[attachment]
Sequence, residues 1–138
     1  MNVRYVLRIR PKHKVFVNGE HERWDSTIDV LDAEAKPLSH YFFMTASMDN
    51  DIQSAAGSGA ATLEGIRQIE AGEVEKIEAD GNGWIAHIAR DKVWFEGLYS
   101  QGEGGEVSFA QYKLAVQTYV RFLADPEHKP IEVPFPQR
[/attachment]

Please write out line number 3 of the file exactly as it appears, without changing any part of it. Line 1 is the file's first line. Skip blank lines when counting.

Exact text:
    51  DIQSAAGSGA ATLEGIRQIE AGEVEKIEAD GNGWIAHIAR DKVWFEGLYS